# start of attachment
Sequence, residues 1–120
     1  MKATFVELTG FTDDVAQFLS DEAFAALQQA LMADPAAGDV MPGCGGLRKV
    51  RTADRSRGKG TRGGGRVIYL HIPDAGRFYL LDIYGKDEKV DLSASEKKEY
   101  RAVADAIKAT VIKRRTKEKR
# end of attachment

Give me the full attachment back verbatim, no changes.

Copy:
Sequence, residues 1–120
     1  MKATFVELTG FTDDVAQFLS DEAFAALQQA LMADPAAGDV MPGCGGLRKV
    51  RTADRSRGKG TRGGGRVIYL HIPDAGRFYL LDIYGKDEKV DLSASEKKEY
   101  RAVADAIKAT VIKRRTKEKR